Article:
L-type Ca2+ channels contribute importantly to the normal excitation- contraction coupling of physiological hearts, and to the functional derangement seen in heart failure. Although Ca2+ channel auxiliary β1-4 subunits are among the strongest modulators of channel properties, little is known about their role in regulating channel behavior in actual heart cells. Current understanding draws almost exclusively from heterologous expression of recombinant subunits in model systems, which may differ from cardiocytes. To study β-subunit effects in the cardiac setting, we here used an adenoviral-component gene-delivery strategy to express recombinant β subunits in young adult ventricular myocytes cultured from 4- to 6-week-old rats. The main results were the following. (1) A component system of replication-deficient adenovirus, poly-L-lysine, and expression plasmids encoding β subunits could be optimized to transfect young adult myocytes with 1% to 10% efficiency. (2) A reporter gene strategy based on green fluorescent protein (GFP) could be used to identify successfully transfected cells. Because fusion of GFP to β subunits altered intrinsic β-subunit properties, we favored the use of a bicistronic expression plasmid encoding both GFP and a β subunit. (3) Despite the heteromultimeric composition of L- type channels (composed of α(1C), β, and α2δ), expression of recombinant β subunits alone enhanced Ca2+ channel current density up to 3- to 4-fold, which argues that β subunits are 'ate limiting' for expression of current in heart. (4) Overexpression of the putative 'cardiac' β(2a) subunit more than halved the rate of voltage-dependent inactivation at + 10 mV. This result demonstrates that β subunits can tune inactivation in the myocardium and suggests that other β subunits may be functionally dominant in the heart. Overall, this study points to the possible therapeutic potential of β subunits to ameliorate contractile dysfunction and excitability in heart failure.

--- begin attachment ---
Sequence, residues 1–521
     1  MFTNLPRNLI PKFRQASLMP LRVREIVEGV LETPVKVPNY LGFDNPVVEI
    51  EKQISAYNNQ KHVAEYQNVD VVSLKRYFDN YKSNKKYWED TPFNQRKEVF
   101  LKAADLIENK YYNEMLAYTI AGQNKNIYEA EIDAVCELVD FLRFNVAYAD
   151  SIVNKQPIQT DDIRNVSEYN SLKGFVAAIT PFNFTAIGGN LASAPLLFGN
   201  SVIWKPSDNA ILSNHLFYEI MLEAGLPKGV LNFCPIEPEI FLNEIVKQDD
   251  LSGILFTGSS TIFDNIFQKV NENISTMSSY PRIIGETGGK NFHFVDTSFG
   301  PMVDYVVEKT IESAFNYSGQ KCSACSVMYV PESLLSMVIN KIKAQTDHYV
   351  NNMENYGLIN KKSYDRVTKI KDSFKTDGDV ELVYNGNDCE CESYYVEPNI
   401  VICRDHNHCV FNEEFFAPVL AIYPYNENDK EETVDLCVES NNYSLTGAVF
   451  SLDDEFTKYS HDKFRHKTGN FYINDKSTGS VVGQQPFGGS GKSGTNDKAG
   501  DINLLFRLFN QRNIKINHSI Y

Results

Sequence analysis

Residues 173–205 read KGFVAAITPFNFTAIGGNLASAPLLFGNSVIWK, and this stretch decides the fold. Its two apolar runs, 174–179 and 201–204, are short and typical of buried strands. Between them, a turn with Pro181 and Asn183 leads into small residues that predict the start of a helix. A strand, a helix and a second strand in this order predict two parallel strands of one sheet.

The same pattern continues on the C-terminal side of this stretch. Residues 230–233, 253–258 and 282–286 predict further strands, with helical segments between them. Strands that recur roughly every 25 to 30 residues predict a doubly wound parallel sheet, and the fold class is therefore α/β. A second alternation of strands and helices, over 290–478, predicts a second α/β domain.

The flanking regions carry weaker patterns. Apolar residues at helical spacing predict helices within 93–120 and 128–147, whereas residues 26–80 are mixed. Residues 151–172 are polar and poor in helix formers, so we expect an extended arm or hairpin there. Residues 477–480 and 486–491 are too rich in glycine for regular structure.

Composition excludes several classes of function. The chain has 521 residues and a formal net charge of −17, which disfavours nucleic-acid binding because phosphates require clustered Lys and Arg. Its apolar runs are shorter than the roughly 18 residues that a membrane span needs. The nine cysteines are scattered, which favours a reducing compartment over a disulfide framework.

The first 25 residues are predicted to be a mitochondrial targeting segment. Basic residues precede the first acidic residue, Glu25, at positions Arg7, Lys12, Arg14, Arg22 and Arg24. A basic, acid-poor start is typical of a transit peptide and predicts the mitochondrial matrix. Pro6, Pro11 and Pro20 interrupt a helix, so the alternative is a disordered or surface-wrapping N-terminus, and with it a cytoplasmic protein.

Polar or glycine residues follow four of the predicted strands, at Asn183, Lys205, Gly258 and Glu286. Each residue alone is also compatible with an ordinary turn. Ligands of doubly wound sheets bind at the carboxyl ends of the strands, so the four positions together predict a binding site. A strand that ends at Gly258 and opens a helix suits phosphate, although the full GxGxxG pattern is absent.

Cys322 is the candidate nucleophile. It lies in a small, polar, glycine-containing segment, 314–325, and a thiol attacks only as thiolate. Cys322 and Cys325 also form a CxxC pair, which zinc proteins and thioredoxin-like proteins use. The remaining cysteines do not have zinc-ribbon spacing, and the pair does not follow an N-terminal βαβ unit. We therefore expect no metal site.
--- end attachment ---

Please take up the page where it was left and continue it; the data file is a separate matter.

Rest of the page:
All Science Journal Classification (ASJC) codes
- Cardiology and Cardiovascular Medicine